Posted on March 21, 2017
Penguin protest reveals group’s ignorance
According to the laws of the perverse liberal dreamworld in which we find ourselves living, concern is tantamount to expertise. Simply by declaring oneself to be an environmentalist, for example, and joining one of the approved activist groups, one is presumably imbued with knowledge of how much carbon dioxide should be in the atmosphere, what the mean temperature of the earth should be, and how many of which species belong in each geographical region.
This unearned expert status is often used by concerned liberals to dictate to the rest of us through the unquestioning liberal media. A member of the concerned class can go on television or to the newspapers and mindlessly warn that “climate change” is going to make Greenland disappear. Far be it for any non-activist to point out that Greenland is not made of ice. It is only the viewpoints of The Concerned that matter.
It is just this bias that causes the news media to amplify every complaint, however unserious or irrational, from People from the Ethical Treatment of Animals. Take, for instance, last month’s National Hockey League “Stadium Series” game between the Pittsburgh Penguins and Philadelphia Flyers at Heinz Field. As part of the festivities, the NHL arranged for a group of live penguins to be brought in for the fans’ amusement. At one point, some fireworks were set off, causing the birds to quickly waddle in the other direction, before turning and slowly walking back.
Being naturally concerned, PETA published an open letter, in which it claimed, “Public condemnation was swift after disturbing video footage was released showing penguins scrambling in terror after being paraded in front of a screaming Penguins-Flyers audience at Heinz Field and in close proximity to ear-splitting fireworks. A crowded arena is no place for animals, and as evidenced by the overwhelmingly negative response to the penguin promotion, it’s clear that the public does not support the abuse of animals for human entertainment. … It’s inherently stressful for wild animals – who naturally shun contact with humans and are extremely sensitive to environmental changes – to be hauled around, used as props, and exposed to noisy crowds, with or without explosives going off.”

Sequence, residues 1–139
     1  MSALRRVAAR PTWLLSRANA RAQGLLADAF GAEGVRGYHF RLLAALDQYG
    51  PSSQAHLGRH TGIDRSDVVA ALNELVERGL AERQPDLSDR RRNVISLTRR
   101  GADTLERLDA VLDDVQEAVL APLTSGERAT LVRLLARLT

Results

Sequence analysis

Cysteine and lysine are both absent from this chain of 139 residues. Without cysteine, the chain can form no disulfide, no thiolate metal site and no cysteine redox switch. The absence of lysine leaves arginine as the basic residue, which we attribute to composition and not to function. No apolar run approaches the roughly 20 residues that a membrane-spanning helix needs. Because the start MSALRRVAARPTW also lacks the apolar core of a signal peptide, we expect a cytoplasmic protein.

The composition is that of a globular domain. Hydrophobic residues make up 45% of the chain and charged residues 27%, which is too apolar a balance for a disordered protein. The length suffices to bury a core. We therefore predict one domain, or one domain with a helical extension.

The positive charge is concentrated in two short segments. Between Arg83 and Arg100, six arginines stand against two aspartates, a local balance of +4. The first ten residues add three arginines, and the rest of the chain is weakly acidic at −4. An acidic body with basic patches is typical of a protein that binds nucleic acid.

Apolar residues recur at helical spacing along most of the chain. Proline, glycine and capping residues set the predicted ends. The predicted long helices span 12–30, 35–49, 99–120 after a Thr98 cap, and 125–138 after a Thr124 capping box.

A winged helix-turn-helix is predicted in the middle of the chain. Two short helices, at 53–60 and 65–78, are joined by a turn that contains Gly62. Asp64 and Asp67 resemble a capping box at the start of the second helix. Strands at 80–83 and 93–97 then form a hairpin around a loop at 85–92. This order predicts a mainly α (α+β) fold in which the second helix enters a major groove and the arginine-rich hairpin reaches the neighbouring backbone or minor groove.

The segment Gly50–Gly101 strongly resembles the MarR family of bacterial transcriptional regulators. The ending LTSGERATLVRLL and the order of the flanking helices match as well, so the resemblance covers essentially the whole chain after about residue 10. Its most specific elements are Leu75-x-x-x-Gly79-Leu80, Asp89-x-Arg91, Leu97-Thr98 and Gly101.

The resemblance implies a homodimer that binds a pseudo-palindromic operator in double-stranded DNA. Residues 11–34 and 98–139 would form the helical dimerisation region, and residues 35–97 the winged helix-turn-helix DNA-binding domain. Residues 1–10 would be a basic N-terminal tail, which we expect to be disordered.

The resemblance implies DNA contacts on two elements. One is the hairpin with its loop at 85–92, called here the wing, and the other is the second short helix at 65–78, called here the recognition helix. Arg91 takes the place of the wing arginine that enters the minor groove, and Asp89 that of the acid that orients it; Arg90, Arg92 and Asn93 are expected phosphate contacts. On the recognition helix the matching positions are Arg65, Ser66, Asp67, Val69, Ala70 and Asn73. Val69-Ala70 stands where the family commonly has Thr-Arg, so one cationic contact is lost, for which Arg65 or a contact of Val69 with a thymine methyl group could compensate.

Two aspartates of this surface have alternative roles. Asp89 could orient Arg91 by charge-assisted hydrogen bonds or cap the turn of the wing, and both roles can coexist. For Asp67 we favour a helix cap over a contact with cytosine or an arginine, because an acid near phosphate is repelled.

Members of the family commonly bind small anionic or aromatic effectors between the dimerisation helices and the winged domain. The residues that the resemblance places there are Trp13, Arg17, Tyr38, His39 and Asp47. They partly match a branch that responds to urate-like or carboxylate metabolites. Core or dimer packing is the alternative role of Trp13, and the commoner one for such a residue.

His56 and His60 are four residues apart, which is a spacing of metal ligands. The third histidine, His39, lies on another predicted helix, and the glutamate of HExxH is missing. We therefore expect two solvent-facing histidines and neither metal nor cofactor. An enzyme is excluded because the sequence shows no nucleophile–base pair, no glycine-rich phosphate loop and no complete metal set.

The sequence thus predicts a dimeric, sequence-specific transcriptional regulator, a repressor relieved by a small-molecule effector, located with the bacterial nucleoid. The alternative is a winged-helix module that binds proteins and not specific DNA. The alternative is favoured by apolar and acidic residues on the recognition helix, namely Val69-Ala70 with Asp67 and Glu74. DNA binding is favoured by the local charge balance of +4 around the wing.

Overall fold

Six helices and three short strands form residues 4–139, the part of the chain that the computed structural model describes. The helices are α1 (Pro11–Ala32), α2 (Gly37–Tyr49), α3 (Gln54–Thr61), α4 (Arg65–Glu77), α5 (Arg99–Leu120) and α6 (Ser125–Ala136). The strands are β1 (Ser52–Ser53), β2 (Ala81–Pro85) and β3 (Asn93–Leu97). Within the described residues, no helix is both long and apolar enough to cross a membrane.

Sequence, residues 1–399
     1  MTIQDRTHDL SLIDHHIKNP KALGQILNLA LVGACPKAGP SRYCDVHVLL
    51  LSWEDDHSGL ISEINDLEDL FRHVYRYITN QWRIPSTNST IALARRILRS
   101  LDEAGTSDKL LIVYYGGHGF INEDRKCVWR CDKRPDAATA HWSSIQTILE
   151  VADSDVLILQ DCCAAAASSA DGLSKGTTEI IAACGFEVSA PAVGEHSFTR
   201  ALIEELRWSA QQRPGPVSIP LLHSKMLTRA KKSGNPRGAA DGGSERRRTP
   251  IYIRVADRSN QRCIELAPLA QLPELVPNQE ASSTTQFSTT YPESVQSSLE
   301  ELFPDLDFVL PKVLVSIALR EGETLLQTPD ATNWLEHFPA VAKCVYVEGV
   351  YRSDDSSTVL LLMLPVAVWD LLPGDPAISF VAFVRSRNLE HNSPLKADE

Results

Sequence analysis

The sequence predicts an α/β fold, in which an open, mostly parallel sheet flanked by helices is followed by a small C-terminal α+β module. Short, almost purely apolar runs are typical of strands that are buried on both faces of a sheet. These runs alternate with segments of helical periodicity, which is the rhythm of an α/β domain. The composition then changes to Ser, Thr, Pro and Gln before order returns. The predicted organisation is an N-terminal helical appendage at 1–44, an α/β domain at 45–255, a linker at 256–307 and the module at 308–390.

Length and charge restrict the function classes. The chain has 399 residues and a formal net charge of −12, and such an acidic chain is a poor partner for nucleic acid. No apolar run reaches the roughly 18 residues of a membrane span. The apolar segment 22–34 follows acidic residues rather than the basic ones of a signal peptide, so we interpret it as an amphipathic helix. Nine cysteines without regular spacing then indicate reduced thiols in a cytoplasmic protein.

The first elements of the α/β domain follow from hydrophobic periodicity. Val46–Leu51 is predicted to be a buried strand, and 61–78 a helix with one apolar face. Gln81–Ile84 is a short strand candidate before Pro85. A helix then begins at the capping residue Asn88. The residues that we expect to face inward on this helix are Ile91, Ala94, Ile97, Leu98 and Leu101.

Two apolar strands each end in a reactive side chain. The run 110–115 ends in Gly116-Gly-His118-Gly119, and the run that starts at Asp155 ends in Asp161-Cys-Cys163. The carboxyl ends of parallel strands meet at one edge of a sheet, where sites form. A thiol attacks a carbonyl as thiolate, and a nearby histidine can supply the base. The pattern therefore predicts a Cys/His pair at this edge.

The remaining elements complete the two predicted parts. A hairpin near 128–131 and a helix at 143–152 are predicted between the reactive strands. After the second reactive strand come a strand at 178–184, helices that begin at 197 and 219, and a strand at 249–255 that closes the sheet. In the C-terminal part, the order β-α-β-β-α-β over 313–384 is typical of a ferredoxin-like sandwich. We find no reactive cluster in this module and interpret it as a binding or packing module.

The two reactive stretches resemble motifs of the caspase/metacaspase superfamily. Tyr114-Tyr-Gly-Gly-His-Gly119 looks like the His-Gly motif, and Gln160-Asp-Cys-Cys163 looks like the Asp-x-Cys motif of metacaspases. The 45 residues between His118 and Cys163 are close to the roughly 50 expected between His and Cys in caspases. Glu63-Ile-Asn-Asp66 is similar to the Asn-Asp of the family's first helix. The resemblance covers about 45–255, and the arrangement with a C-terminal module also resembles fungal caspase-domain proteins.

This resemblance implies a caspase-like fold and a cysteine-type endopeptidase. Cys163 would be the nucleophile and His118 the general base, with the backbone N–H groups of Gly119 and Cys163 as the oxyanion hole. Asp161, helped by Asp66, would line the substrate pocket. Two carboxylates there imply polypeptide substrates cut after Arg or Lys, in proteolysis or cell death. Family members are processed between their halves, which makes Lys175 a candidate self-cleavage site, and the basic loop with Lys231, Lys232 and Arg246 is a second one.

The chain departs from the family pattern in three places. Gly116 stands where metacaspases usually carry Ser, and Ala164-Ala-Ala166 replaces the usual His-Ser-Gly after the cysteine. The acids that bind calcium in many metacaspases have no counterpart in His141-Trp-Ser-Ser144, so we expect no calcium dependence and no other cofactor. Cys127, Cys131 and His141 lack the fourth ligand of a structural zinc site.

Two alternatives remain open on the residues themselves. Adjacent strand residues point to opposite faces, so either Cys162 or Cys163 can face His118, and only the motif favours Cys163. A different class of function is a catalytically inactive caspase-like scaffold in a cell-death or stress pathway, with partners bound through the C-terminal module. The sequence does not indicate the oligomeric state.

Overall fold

The Pittsburgh Zoo, which supplied the animals at the NHL’s request, responded that the penguins are “very comfortable around people and noises.” So, whom are we to trust with the penguins’ welfare, the concerned and therefore knowledgeable liberal activists, or those stupid, stupid zoo people? There seemed to be little doubt among the media, especially Pittsburgh’s ABC affiliate, WTAE, which reported PETA’s complaint with all the prominence and authoritativeness with which it might treat the condemnation of a popular restaurant by the board of health.
A modicum of journalistic skepticism should have led any news editor to notice from the content of PETA’s letter that the group’s concerns were baseless, and therefore not newsworthy. For starters, there was no swift condemnation, nor any “overwhelmingly negative response” other than that in the letter itself. PETA’s claim that there was some massive, spontaneous viewer outrage is simply untrue.
Seeing that the penguins’ reaction to the fireworks only lasted a few seconds, the zoo’s characterization of them as “startled” seems more accurate than PETA’s claim that they had felt “terrorized.” After all, these penguins were not brought from Antarctica for this event. They live in Pittsburgh, and there are very few things we Pittsburghers enjoy more than watching stuff get blown up. Hardly a Saturday baseball game, outdoor concert or summer festival goes by in this city without the requisite fireworks display. So why should the penguins suddenly be “terrorized”? Had they seen the Monty Python penguin-on-top-of-the-telly sketch, and thought it would soon be time for them to explode?
Perhaps the most obvious flaw in PETA’s complaint is that penguins are not shy creatures that “naturally shun contact with humans.” To the contrary, their willingness to approach people is what makes them such a popular exhibit. Moreover, if penguins do experience terror, it’s in the wild, while watching each other get eaten by sea lions. The most significant impact that humans have had on penguins is to separate them from their natural predators. Don’t bother waiting for PETA to thank the zookeepers for providing the penguins with a peaceful existence, though.
This ill-considered protest is par for the course for PETA, which has a long and colorful history of extreme irresponsibility. So why do the media treat that group’s members as authorities on all things animal? Because they’re liberals, and they care.
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